What Is Clutter and What Can I Do About It?
Every editorial product is independently selected, though we may be compensated or receive an affiliate commission if you buy something through our links. Ratings and prices are accurate and items are in stock as of time of publication.
Books, toys, tools. Clutter builds up in no time. What is clutter, and why is it important to reduce it?
Everyone deals with clutter. Even extremely organized people declutter periodically. That’s probably why they’re so organized. And maybe they know clutter doesn’t just make a home look messy; it negatively affects our mental health.
“A cluttered and chaotic home often reflects a cluttered and chaotic mind,” says Brenda Scott, owner and operator of Tidy My Space. The inability to find things, constantly moving one thing to find another, being late for jobs or appointments — it all can lead to stress and frustration, Scott says.
“Clutter can have a negative effect on your emotional wellbeing,” says Lauren Saltman, a professional organizer and owner of Living. Simplified. “Looking around your home should give you a sense of peace, knowing that everything you own in your home is useful to you and your family.”
What Is Clutter?
“Clutter is anything you are keeping in your home that doesn’t serve a purpose, that you don’t use and that doesn’t bring joy to your life,” Saltman says. That could be items handed down by family members, gifts you received but don’t need, clothing you no longer wear and books you won’t read, Saltman says.
Scott adds: “Clutter is anything that doesn’t have a home. It’s the stuff that no one knows where it belongs, so it gets dropped anywhere and everywhere.” You’ll know it by the constant act of moving it around to find what you’re actually searching for, Scott says.
Clutter vs. Hoarding
When should you be concerned that your messy home might signal a deeper problem?
Scott says one distinction between clutter and hoarding is whether you can still use the space for its intended purpose. If piles of items haven’t been moved in a while, hindering your use of the room, you may be approaching the line between clutter and hoarding.
Scott recommends comparing your rooms to the images in Randy Frost’s clutter rating scale. Frost is a hoarding expert and psychology professor at Smith College, and the author of many definitive books on hoarding.
It’s important to reduce clutter before it becomes a massive problem. Hoarding can lead to pest infestation, health issues and even eviction, Scott says.
What Your Clutter Is Trying To Tell You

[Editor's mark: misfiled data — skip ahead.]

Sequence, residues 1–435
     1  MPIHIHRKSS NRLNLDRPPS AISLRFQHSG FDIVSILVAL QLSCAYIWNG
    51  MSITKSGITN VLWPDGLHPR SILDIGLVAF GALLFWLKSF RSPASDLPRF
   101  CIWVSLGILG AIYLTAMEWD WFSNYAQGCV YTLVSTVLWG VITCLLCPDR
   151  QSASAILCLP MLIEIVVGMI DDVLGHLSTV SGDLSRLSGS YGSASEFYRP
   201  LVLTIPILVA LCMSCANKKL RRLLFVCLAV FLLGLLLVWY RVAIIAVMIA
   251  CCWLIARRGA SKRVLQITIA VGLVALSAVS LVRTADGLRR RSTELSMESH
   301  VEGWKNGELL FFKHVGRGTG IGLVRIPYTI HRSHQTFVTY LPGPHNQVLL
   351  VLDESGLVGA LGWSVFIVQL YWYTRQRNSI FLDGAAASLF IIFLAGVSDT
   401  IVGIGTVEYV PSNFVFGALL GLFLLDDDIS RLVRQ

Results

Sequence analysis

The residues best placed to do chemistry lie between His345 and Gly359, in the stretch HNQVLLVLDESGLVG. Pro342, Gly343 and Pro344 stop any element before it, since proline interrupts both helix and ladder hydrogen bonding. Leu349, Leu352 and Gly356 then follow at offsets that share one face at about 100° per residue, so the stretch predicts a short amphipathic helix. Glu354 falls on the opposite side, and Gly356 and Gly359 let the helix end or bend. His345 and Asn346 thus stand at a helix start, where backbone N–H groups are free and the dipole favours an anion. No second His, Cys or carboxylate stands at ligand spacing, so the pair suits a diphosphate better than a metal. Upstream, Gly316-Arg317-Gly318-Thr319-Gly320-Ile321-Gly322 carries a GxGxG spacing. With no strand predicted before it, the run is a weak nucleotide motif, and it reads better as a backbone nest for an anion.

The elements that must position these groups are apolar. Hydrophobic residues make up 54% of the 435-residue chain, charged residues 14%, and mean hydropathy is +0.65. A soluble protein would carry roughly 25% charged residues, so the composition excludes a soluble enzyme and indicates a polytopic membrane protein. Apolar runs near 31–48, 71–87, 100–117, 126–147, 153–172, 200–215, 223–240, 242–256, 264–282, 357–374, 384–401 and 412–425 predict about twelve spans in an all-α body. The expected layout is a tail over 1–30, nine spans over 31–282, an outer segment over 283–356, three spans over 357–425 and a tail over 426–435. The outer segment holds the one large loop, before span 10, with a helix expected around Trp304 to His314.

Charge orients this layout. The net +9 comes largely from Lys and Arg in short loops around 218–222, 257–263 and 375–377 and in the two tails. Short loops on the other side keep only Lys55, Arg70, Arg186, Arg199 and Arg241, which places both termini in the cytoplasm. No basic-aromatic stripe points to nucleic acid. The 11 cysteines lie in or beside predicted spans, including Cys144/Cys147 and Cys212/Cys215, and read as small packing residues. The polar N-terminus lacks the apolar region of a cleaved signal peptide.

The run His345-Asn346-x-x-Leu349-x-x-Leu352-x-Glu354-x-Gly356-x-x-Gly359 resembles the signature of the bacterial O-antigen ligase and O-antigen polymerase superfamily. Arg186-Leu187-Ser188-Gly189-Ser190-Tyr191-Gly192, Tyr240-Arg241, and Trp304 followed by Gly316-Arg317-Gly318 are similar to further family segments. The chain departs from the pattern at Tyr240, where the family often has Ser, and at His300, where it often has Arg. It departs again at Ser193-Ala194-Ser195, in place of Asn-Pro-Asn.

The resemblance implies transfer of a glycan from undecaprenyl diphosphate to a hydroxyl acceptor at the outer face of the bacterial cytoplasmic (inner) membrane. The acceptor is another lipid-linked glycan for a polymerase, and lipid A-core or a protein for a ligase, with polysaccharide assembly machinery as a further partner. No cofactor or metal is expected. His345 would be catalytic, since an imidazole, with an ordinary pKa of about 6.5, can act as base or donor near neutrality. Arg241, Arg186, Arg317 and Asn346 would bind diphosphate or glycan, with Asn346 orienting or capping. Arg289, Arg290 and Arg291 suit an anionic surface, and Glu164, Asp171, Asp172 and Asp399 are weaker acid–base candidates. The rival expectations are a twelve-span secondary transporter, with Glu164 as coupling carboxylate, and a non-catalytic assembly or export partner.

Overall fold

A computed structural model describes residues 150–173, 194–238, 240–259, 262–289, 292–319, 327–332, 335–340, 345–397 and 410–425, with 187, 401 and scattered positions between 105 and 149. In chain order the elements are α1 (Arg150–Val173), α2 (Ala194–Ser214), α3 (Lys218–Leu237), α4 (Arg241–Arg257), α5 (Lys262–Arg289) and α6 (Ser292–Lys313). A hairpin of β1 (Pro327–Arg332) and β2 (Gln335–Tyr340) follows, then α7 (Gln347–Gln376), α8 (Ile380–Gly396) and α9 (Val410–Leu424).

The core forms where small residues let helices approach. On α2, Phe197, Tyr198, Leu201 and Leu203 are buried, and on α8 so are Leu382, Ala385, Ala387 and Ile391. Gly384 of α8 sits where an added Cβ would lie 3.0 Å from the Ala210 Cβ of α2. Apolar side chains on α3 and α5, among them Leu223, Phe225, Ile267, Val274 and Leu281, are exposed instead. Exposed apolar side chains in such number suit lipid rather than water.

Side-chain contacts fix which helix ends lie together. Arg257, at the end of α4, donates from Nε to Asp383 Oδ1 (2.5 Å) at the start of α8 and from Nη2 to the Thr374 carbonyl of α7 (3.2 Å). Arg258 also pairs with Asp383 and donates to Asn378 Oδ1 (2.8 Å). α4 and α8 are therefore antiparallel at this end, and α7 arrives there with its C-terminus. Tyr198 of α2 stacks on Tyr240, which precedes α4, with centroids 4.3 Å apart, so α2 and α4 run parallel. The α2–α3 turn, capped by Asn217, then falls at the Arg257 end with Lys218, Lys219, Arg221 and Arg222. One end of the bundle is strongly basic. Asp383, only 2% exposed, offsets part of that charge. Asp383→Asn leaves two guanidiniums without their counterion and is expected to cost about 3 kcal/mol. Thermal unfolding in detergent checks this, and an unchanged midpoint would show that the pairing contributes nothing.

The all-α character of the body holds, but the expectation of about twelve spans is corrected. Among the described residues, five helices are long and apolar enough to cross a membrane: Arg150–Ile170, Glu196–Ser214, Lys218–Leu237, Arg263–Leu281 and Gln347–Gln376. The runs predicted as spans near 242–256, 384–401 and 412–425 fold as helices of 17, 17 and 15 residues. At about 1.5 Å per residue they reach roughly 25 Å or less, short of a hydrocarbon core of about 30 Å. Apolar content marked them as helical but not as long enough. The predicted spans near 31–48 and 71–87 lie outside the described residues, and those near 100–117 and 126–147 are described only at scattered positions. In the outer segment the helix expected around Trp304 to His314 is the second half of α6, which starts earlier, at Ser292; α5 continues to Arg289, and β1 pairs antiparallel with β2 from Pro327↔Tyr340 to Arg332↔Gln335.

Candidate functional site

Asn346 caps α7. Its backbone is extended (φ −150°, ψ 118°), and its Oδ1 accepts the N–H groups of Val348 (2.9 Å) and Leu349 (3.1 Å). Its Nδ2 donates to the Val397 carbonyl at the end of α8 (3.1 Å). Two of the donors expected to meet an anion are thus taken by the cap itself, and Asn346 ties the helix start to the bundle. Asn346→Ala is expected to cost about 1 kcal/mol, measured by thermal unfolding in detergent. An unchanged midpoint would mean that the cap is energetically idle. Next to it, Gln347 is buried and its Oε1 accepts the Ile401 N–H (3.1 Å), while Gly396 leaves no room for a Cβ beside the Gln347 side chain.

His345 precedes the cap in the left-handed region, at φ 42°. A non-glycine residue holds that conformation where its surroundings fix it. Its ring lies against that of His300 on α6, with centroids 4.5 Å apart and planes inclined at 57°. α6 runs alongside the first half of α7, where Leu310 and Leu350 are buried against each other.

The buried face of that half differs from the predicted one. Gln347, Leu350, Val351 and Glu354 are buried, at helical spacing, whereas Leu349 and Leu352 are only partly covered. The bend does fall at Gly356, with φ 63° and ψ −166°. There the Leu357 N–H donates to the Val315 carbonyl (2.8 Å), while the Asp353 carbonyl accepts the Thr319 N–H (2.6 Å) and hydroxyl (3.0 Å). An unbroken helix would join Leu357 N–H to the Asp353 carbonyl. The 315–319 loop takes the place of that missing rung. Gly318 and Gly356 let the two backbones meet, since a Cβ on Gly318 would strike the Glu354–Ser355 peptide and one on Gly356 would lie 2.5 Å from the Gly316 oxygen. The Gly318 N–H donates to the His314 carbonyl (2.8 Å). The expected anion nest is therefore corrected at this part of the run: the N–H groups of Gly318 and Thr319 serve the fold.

“Clutter buildup is usually in the areas with the most traffic,” Scott says. That means near your home’s entrances, where we tend to drop things like mail and packages. Also kitchen and bathroom counters, nightstands and the floor. This can point to an absence of good storage solutions to keep it under control, Scott says.
Clutter can also indicate a connection that goes beyond the physical. “People tend to hold onto things because of past memories or guilt,” Scott says.
Keeping things that are useful and needed is OK. When when we keep something out of obligation — maybe because it’s from a deceased loved one, or it cost a lot of money — it’s time to sell, re-gift or donate it. There are tactics to help, too, like taking a photo of the item, or passing it on to an appreciative new home.
Either way, it’s important to think about what you bring into your home. If you’re trying to reduce clutter, pause before you buy new or even used things. At gift-giving season, remind friends and family you prefer experiences to things, Saltman says. And it’s OK to decline hand-me-downs from relatives if you can’t use them.
How To Declutter
Scott says people struggle to start because we tend to focus on the enormity of the problem and how long it’s going to take. To make it more manageable, break up your decluttering project into small chunks or areas at a time.
Here are some other tips to help:
Put it on your calendar
Saltman says to schedule several 15-minute sessions per week. Pick days you know you’ll be home, and don’t forget to set reminders. Start with one flat space (like a section of countertop), one shelf or one drawer. Remember: You don’t have to tackle this all at once.
Sort and donate
Once you decide what space you’re going to declutter, Saltman says to bring three boxes and a trash bag with you. Label the boxes “donate,” “recycle” and “relocate.” Go through the area and sort the clutter into the three boxes and the bag. Then organize what’s left. Over time, use this method to go through your entire house, room by room.
Use the 20/20 rule
Can’t decide whether to keep something? “If you can replace the item within 20 minutes for less than $20, then it’s time to let it go,” Scott says. This works great for multiples of small things, like stacks of notepads, hair accessories, rolls of tape and a drawer full of pens.
Stay on track
Saltman says to follow the “one in, one out” rule. If you buy something new, get rid of whatever you’re replacing. New pair of shoes? Donate or trash the old pair. This goes for everything in your home, from kitchen utensils and books to clothes and toys.